Medical marijuana has had a tough time catching on in Maryland as roadblocks have sprung up each step of the way. First the legislature failed to craft a legitimate medical cannabis program, and a year later when a real program arrived they failed to adequately fund a commission to draft its rules. Then the underfunded and inexperienced commission drastically miscalculated the number of expected grower and distributor applications, which lead to massive delays in the awarding of licenses. When the licenses were finally awarded three potential growers sued for unjust denial of their applications, and their cases are pending in court. Many of these roadblocks were predictable, and could have been avoided with greater cooperation among politicians and more resources dedicated to the launching the program. However the latest roadblock was not expected and could end up disrupting the medical marijuana program if and when it finally gets rolling.
A public records request revealed that only 172 Maryland doctors have signed up to potentially prescribe medical marijuana, which translates to about 1 percent of the 16,000 docs practicing medicine in the state. State officials are concerned that the lack of prescribing doctors could cause a serious bottleneck in the process of getting medical pot to the patient. We will certainly have enough growers, distributors and buyers, but the chain is not complete without the doctors writing the scripts. Potential patients could be forced to wait weeks or even months to see a doctor, and the huge numbers game could cause these doctors to fly through screenings at a pace similar to the pill mills that lawmakers and medical boards are trying to eliminate. Officials at MedChi fear that the end result will be the medical marijuana program becoming a façade for recreational use, as doctors with long lines of patients will be ill prepared to distinguish those with a medical need from those who simply want to enjoy high quality pot.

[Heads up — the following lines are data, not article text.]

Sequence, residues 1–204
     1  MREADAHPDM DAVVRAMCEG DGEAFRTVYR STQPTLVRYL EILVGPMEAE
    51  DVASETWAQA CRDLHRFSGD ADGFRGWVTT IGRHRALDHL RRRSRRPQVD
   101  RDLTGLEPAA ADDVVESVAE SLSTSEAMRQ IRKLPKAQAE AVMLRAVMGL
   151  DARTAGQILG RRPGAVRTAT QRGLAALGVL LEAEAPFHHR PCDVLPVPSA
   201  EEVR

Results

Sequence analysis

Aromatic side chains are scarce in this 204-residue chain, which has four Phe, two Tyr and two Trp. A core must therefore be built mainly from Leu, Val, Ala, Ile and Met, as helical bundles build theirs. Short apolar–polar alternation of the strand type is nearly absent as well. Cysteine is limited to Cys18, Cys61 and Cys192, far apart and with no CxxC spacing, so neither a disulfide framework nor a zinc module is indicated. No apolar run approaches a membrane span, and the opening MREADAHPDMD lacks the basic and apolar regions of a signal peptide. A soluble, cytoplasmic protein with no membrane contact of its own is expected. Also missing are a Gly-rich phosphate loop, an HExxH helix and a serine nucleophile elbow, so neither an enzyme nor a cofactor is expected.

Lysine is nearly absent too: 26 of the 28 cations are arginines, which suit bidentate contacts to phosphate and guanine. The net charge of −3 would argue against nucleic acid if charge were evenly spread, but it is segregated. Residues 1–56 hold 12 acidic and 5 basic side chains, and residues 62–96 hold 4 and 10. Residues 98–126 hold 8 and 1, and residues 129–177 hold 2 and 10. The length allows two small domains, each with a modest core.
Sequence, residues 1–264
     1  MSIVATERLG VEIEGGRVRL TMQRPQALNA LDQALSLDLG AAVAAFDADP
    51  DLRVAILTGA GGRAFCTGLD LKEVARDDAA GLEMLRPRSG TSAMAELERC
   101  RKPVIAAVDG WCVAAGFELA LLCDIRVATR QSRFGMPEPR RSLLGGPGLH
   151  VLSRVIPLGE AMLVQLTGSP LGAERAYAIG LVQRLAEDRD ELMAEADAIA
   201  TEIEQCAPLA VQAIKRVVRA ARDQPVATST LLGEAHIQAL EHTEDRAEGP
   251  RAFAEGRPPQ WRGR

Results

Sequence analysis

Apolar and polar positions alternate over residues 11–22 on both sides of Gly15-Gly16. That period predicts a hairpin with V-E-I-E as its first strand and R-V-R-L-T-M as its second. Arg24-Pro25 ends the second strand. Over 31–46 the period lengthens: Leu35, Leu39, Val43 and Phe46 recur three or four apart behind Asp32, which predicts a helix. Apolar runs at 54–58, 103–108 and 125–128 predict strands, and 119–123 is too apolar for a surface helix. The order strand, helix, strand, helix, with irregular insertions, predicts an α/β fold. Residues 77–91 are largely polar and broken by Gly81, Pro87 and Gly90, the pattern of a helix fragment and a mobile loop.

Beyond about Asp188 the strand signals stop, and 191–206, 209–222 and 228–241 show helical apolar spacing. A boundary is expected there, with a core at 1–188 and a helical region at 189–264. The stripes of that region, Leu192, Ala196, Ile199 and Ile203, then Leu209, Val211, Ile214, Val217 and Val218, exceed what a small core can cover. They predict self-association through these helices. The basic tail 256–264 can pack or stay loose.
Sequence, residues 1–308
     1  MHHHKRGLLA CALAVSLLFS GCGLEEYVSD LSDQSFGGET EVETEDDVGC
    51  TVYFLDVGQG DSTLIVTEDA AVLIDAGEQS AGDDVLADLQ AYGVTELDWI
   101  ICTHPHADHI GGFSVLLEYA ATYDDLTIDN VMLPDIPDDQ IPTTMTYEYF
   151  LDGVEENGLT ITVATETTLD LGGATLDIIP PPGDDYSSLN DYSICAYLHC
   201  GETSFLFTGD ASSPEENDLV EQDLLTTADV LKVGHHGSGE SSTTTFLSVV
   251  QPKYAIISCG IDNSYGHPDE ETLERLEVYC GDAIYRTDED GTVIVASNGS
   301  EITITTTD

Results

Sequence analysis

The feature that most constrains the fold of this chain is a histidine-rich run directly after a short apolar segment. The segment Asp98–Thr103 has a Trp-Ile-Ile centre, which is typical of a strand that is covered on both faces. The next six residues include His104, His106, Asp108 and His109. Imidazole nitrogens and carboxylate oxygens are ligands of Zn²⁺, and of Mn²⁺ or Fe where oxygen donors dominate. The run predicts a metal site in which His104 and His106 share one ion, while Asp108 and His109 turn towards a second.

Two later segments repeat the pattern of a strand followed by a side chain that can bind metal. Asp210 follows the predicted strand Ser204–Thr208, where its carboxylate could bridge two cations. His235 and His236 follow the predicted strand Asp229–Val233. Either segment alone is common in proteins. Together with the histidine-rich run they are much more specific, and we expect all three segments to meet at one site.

Once the program gets going there will likely be more doctors jumping on board. The free market will work itself out and doctors will eventually see the positives in running a lucrative and legitimate business that does not involve being on call at all hours of the night. An influx of new doctors who are more open to alternative types of medicine will also be more likely to stand behind the benefits of marijuana and less hesitant to prescribe it. A lack of doctors is not likely to be the downfall of the state’s already troubled medical marijuana program, as legalization will eventually be the kill shot for medical pot. Patients who benefit from ingesting cannabis may have to jump through hoops and wait in long lines for a year or two in order to legally obtain relief, but the day is coming when a trip to the dispensary and a valid ID is all it will take for access to all forms of cannabis. The federal government may be slow to change its designation of marijuana as a schedule 1 controlled substance, but the new administration will let the states decide their own pot policies. The people have spoken in influential states such as California and Massachusetts and it’s only a matter of time before the issue goes to a vote in Maryland.
Benjamin Herbst is a drug crimes lawyer that handles marijuana manufacturing, distribution and possession as well as all other controlled dangerous substance offenses. Contact Benjamin for a free consultation anytime at 410-207-2598.
Few doctors sign on to recommend medical marijuana in Maryland, baltimoresun.com.